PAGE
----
Two of the DC-10s spent much of February fighting fire in Chile. The original order called for just one, but on the first day at work in the country a tire failed in spectacular fashion, sending rubber shrapnel into one of the flaps, creating three holes. It took several days to fix it, working with the FAA and bringing mechanics with sheet metal expertise from the United States. John Gould, President and CEO of 10 Tanker, said the company told CONAF, the National Forest Corporation that handles wildland firefighting in Chile, that they could send a replacement DC-10 while the repairs were made. The CONAF representative said, in effect, You have more DC-10s? Bring another and we will use it along with the first one during the fire season. So a second was dispatched and they were based at opposite ends of the long, narrow country.

The Goodyear tire failed on its eighth landing —  which obviously is very unusual.

In the gallery below, mouse-over the photos below and a caption will appear. Click on a photo to begin a slide show of LARGE images, with the caption then at upper-left.

Mr. Gould said fully loaded the DC-10 VLATs weigh 405,000 pounds with a full load of retardant and 2.5 hours of fuel and 9,400 gallons of retardant, which gives the pilots a 167,000-pound margin when maneuvering for a retardant drop, compared to if it was loaded to MTOW.

The DC-10 operates with a crew of three, two pilots and a flight engineer who monitors the aircraft systems and inputs the specifications for the retardant drop.

The aircraft has five retardant tanks, three holding 2,700 to 4,000 gallons each, and two smaller fairing tanks at the front and rear. The fairing tanks are no longer used, which gives the VLAT a 9,400-gallon capacity.

En route to a fire it cruises at 340 knots, but when returning to reload it bumps the speed up to 380 knots. It drops retardant at 200 to 300 feet above the ground at 150 knots.

The first drop over a fire by a DC-10, Tanker 910, was on July 16, 2006 after being awarded a Call When Needed contract by the California Department of Forestry and Fire Protection, CAL FIRE.

Each DC-10 is followed by a support crew of seven maintenance technicians equipped with a four-door pickup and goose-neck trailer carrying spare parts and equipment.

Deployments for the two DC-10 air tankers in Chile drawing to a close

T-910 is en route back to U.S.

air Tanker 910 in Chile, 2019
Tanker 910 in Chile, 2019. Photo by Diego Cuadra.

One of the two DC-10 Very Large Air Tankers that deployed to Chile is en route back to the United States now that the wildfire activity has slowed and the contract has ended. It is scheduled to land at San Antonio at 6:59 p.m. CST today, March 2, after a stop in Manta, Ecuador. On FlightAware it is operating as TNKR910, N612AX. 10 Tanker Air Carrier’s headquarters is at Albuquerque, New Mexico.

T-910 departed from San Bernardino, California on February 6, arrived in Chile the following day, and went to work dropping on wildfires February 8. During its first day on the job in the country a tread separated on a main landing gear tire and the debris damaged an inboard flap. The crew completed repairs three days later.

Air tanker 910 DC-10
Air tanker 910, a DC-10, en route back to the United States. FlightAware.

The second DC-10, Tanker 914, arrived in Chile on February 11. Its contract ends next week and then it will be heading back north.

The two DC-10s have been working out of three airports stretched across 572 miles of the long, narrow country — Santiago, Concepción, and Puerto Montt.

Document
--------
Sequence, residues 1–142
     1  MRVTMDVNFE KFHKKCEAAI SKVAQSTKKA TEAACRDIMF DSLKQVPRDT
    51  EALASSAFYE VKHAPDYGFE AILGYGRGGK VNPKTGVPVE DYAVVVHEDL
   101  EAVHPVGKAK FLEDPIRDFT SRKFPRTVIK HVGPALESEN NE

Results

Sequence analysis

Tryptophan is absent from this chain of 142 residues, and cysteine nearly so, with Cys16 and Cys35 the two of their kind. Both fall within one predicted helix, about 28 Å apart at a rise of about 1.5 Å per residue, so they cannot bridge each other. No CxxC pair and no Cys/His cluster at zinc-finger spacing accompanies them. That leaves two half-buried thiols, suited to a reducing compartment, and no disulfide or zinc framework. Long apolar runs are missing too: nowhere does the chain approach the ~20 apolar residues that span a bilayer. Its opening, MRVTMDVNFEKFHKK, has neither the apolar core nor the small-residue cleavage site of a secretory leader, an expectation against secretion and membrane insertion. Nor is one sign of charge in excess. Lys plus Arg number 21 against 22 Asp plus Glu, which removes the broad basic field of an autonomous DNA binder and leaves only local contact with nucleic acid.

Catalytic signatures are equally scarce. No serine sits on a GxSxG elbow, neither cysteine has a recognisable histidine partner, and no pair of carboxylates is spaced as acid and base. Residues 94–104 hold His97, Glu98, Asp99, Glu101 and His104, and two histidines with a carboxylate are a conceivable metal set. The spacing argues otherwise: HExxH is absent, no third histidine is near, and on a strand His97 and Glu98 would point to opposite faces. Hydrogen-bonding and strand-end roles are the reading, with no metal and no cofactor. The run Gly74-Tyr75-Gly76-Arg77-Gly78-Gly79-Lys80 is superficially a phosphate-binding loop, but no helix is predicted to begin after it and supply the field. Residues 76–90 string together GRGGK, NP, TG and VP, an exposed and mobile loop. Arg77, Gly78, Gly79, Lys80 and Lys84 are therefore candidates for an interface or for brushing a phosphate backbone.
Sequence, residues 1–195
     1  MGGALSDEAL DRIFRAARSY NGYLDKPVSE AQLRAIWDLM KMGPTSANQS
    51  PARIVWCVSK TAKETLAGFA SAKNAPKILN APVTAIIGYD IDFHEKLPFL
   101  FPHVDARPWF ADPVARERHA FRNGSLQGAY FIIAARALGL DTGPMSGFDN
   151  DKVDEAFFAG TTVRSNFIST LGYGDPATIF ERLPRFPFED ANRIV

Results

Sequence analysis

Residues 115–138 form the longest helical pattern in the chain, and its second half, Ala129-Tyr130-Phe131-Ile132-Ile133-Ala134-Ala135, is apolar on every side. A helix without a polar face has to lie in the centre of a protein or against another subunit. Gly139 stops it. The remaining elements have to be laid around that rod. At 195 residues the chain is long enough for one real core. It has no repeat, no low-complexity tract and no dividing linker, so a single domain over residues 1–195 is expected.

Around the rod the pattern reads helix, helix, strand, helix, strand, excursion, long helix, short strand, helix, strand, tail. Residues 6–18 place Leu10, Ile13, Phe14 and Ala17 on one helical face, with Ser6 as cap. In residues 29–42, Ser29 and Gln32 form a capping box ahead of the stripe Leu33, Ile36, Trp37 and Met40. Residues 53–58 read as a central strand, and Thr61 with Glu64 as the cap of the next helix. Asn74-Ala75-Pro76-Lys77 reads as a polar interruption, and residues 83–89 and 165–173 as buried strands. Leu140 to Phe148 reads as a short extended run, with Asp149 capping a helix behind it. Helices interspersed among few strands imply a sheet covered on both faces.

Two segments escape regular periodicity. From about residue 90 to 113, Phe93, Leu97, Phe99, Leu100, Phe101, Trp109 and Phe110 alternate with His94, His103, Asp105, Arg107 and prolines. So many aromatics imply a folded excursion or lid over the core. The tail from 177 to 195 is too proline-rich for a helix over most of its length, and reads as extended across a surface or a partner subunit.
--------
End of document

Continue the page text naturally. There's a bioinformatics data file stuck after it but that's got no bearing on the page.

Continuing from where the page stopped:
As of March 1, the two aircraft have completed 133 missions dropping a total of 1.2 million gallons, an average of 9,022 gallons per mission, said John Gould, President of 10 Tanker Air Carrier. For the first week or two they were dropping plain water since there is no fire retardant in Chile, but later fire officials requested they use BlazeTamer, a concentrated water enhancer that can be injected into the tank using the existing equipment on the air tankers. The product was used on 33% of the missions.

air Tanker 914 in Chile, 2019
Tanker 914 dropping in Chile, 2019. Photo by Giovanni Inostroza Umana.

Tire failure damages DC-10 air tanker in Chile

Air Tanker 910 drops wildfire Chile
Air Tanker 910 drops on a wildfire in Chile, February 8, 2019. Screengrab from T13 video.

(UPDATED at 1:08 p.m. MDT February 11, 2019)

A DC-10 very large air tanker was damaged when a tire failed upon landing at the Carriel Sur airport in Concepción, Chile Friday November 8. The tread separated on a main landing gear tire and damaged an inboard flap. John E. Gould, President of 10 Tanker Air Carrier, said the crew immediately began repairing the flap and that work will be completed Monday afternoon.

Damaged tire Tanker 910
Damaged tire on Tanker 910. TodayChile photo.

When tires on a race car or aircraft disintegrate at high speed as shown in the photo, chunks of rubber flying off the tire can damage sheet metal and other components.

Very roughly translated news reports indicate that the aircraft completed either four sorties or four drops on its first day of operations in Chile before the tire failed. T-910 departed from San Bernardino, California on February 6, arrived in Chile the following day, and went to work dropping on wildfires February 8.

Mr. Gould said a second DC-10, Tanker 914 has been ordered and is en route, expected to arrive in Santiago, Chile Monday afternoon. It is not necessarily to replace T-910; CONAF, the contracting organization, wanted a total of two very large air tankers under contract.

The video below shows both a Russian IL-76 and the DC-10 making drops. It is possible that a water enhancing chemical has been added to the water to increase its effectiveness in suppressing the wildfires. The DC-10 can carry up to 9,400 gallons. The IL-76 footage may be from 2017.

The article has been edited to correct the date the DC-10 first arrived in Chile.